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Volume 2 Supplement 2

Symposium Mammographicum 2000

Full-field digital mammography

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Due to the extremely high image quality requirements in mammography, there has for a long time been no adequate digital alternative to conventional film-screen mammography. The longest experience so far exists with digital mammography on the basis of storage phosphor (CR) systems. However, at normal dose this technique has a relatively poor signal-to-noise ratio and has not found general acceptance. Recently, three novel systems for digital mammography by Fischer (slot-scan detector), Trex (CCD-array) and GE (amorphous silicon detector) have been introduced and are currently under clinical investigation.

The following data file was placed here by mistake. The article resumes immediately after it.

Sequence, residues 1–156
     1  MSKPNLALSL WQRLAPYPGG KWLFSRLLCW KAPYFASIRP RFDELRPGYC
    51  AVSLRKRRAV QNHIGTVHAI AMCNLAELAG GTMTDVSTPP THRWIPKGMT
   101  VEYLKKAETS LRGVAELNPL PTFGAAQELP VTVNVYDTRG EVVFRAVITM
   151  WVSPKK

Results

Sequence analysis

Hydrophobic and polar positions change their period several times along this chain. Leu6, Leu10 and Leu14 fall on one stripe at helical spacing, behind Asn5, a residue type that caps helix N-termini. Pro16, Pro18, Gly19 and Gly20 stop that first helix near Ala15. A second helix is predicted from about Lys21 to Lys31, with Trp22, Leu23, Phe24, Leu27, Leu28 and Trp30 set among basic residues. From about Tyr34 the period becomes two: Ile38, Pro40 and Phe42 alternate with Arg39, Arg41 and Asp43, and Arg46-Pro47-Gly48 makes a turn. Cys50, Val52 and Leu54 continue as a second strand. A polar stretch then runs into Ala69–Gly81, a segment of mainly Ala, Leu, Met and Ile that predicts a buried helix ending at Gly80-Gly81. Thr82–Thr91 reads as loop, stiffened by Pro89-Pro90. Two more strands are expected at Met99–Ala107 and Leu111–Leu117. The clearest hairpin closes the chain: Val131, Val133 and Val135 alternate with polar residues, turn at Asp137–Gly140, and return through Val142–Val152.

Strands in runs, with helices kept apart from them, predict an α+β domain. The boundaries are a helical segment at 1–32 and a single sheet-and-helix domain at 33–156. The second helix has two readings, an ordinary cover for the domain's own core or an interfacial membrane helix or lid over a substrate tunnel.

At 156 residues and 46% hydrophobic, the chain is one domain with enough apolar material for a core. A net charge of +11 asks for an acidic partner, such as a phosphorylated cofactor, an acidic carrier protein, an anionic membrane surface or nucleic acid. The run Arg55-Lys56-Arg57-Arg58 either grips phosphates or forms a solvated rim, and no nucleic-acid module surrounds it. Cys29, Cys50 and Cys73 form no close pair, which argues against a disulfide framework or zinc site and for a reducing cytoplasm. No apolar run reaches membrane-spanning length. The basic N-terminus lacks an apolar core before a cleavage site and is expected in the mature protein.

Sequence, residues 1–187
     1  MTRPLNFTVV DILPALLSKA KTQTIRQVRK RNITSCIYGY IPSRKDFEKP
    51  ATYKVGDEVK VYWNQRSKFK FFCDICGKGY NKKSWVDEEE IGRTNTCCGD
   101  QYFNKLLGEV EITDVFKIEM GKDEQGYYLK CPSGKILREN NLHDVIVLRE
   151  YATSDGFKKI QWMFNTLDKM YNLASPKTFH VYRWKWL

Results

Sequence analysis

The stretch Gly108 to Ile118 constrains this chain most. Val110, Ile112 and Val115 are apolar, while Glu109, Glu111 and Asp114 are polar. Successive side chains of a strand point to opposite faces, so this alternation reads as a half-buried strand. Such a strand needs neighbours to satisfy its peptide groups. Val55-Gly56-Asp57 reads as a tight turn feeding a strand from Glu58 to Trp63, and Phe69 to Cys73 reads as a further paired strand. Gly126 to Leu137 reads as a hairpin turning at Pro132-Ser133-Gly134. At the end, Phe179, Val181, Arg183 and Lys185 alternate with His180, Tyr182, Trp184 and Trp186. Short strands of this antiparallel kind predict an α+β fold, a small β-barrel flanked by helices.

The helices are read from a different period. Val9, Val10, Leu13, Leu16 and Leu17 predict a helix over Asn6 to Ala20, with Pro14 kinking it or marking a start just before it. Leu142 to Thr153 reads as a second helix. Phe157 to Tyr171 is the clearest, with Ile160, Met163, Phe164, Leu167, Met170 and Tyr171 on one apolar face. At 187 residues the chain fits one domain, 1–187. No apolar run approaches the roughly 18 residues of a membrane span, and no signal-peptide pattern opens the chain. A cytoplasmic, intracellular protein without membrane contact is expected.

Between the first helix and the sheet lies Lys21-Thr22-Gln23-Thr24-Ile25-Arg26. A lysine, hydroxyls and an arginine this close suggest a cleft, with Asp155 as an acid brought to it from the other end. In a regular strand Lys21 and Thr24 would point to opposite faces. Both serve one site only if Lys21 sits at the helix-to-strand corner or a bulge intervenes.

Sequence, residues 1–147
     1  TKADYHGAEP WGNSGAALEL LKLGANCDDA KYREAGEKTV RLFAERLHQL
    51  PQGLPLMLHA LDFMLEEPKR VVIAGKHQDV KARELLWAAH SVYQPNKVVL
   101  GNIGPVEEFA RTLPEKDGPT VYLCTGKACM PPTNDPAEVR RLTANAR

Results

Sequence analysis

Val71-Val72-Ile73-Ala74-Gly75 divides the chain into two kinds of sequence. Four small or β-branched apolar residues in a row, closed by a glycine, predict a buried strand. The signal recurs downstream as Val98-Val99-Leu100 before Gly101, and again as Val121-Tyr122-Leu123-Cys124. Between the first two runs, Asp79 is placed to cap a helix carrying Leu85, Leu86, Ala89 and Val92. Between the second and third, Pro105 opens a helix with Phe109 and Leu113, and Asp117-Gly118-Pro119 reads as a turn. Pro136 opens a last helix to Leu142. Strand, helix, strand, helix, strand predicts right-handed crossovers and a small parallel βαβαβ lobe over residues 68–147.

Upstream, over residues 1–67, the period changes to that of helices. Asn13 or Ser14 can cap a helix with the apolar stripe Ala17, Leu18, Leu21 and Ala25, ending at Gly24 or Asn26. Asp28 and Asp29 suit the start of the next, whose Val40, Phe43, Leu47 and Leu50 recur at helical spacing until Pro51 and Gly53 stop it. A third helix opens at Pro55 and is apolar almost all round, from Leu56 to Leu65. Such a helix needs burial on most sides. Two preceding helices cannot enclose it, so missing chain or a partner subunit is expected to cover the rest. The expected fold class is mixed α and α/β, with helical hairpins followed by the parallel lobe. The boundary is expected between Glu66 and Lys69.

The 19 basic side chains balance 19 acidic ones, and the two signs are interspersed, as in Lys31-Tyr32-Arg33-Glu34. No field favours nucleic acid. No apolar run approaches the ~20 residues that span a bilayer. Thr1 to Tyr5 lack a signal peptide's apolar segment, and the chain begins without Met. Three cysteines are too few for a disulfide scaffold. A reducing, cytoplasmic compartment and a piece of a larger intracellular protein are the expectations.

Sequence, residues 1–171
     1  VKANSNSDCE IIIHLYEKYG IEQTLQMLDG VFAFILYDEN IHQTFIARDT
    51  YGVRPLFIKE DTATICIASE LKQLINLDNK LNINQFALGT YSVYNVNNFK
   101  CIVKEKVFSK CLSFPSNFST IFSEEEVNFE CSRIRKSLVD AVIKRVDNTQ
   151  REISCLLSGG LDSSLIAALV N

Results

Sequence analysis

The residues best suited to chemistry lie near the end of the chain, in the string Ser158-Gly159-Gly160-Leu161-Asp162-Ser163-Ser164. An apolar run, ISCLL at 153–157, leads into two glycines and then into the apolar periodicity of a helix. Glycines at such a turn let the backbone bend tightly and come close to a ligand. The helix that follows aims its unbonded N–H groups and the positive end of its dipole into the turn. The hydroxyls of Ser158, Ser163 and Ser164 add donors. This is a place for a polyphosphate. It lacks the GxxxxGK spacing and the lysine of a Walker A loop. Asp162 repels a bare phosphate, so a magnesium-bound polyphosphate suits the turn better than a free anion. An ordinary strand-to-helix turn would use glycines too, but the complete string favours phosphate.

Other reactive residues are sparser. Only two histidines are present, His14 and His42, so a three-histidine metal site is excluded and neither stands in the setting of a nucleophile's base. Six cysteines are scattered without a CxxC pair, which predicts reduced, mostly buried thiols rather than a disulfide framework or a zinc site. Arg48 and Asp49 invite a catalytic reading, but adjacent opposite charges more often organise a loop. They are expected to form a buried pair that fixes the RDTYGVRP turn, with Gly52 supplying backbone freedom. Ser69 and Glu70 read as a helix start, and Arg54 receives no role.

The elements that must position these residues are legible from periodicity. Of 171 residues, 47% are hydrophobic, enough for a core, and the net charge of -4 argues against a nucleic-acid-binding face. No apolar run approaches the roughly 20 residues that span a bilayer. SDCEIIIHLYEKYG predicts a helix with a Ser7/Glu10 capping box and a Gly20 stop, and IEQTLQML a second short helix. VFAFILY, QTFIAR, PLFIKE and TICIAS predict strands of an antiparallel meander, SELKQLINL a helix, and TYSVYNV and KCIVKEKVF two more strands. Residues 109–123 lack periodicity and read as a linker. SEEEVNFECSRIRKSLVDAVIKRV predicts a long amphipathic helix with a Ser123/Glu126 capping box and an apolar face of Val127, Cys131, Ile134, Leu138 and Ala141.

Initial results from clinical trials indicate that the new digital mammography systems are at least equivalent to film-screen mammography in the detection of breast cancer. The main advantage of digital mammography lies in the linear relationship between dose and detector signal with the possibility of a tailored optimisation of image contrast. This may lead to improved detection of early or subtle cancers especially in patients with dense parenchyma. Other advantages include digital storage, telemammography and computer-aided diagnosis.

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    Cowen AR, Parkin GJS, Hawkridge P: Direct digital mammography image acquisition. Eur Radiol. 1997, 7: 918-930. 10.1007/s003300050228.

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    Pisano ED: Current status of full-field digital mammography. Radiology. 2000, 214: 26-28.

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Bick, U. Full-field digital mammography. Breast Cancer Res 2, A34 (2000) doi:10.1186/bcr226

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Keywords

  • Breast Cancer
  • Amorphous Silicon
  • High Image Quality
  • Digital Mammography
  • General Acceptance